After thoroughly enjoying portraying 'Grace', my first artwork portrayed on a black background, I wished to follow a similar theme with my next painting. The contrast between the soft white pastel and dark black background was both a challenge and a great experience.
Having always wished to portray an Egret, I was delighted to be given the opportunity to represent this beautiful bird and my Snowy Egret was portrayed, using as reference, a photograph kindly provided by E. Harrison.
The graceful Snowy Egret is a small white heron. It has a black bill with a yellow patch of skin around the eyes. It has black legs and bright yellow feet. During the breeding season, the yellow feet and the yellow patch around the bill turn orangey-red, as shown in my artwork.
During the breeding season, this stunning white bird displays long white-feathered plumes on its crown, neck, and back. Sadly, it was for these plumes that the Snowy Egret almost became extinct during the early 19th Century. During this period it became the height of fashion to adorn hats with ornamental feathers and, as the birds congregate during the breeding season; they were an easy target for hunters supplying the millinery trade. Thankfully due to legislation and protection, the bird population was able to recover, though sadly, numbers are now of concern due to habitat destruction.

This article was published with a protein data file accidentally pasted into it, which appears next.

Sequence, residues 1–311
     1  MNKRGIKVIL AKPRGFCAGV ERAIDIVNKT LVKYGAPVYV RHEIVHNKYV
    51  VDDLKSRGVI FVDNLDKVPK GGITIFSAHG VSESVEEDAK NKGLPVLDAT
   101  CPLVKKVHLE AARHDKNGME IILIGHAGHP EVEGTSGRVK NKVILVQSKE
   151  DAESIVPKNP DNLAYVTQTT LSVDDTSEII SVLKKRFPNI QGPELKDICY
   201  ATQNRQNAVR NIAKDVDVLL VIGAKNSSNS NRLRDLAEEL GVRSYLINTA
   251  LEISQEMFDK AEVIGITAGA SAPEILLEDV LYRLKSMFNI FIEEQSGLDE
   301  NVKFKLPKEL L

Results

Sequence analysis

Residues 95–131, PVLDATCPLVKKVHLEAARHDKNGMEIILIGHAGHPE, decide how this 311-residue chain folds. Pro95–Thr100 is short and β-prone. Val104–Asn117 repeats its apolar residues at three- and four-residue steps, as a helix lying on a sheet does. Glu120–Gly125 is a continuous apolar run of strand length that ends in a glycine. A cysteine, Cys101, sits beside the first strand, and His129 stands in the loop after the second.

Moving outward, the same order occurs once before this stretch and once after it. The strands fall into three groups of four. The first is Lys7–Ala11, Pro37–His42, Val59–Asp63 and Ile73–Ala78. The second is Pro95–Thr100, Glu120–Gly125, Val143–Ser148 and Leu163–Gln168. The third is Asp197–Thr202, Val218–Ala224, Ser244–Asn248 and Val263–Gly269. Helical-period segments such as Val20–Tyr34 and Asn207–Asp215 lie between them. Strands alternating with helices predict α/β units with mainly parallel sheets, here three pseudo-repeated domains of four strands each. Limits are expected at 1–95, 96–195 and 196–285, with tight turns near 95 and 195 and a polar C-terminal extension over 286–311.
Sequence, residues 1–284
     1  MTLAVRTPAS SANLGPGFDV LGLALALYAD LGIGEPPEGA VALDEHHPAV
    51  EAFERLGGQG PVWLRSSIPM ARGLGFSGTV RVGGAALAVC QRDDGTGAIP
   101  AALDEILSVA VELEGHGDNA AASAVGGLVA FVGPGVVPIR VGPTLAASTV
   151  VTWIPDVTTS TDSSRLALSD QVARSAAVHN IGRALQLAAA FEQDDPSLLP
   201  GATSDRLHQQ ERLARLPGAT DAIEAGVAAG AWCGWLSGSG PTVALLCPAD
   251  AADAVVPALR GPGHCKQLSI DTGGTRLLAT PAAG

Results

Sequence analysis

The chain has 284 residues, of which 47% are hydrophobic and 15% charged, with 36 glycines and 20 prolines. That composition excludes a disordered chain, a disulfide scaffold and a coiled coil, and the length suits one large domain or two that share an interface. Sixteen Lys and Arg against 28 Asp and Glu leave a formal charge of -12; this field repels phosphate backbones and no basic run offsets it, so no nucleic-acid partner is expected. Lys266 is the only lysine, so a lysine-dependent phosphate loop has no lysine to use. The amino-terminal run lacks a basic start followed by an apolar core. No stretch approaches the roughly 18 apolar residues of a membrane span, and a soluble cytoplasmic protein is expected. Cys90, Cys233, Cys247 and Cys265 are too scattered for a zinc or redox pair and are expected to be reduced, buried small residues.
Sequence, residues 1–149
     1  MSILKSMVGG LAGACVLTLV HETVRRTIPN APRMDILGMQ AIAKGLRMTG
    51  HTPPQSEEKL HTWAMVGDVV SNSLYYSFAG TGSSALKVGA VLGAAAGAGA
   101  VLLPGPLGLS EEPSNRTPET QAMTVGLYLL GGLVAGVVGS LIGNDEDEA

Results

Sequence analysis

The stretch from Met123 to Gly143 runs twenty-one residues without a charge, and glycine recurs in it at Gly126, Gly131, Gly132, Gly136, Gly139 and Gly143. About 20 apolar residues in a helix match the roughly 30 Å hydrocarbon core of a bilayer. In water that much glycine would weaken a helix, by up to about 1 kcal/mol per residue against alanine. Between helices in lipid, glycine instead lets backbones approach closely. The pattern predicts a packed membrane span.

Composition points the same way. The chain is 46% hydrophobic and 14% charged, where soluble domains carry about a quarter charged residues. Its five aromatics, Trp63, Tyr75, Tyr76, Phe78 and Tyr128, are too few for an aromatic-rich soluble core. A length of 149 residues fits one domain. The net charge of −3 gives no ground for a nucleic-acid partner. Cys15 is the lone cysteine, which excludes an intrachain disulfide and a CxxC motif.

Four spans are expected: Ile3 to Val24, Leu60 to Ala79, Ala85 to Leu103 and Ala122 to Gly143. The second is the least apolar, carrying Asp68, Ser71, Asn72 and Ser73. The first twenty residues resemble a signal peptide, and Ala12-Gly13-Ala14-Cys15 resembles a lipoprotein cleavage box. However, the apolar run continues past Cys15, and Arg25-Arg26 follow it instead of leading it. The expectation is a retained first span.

Snowy Egrets can be found on mudflats, marshes, and rocky shores, as well as in fresh and saltwater habitats along the Atlantic and Pacific coastlines. These areas are critical to nesting colonies as the birds nest in the trees and feed on the fish and reptiles as they wade through the water. The systematic draining and destruction of wetlands are cause for concern as, elsewhere in the world, wading birds are vulnerable to environmental threats, and in certain areas Snowy Egrets are now considered of Special Concern status.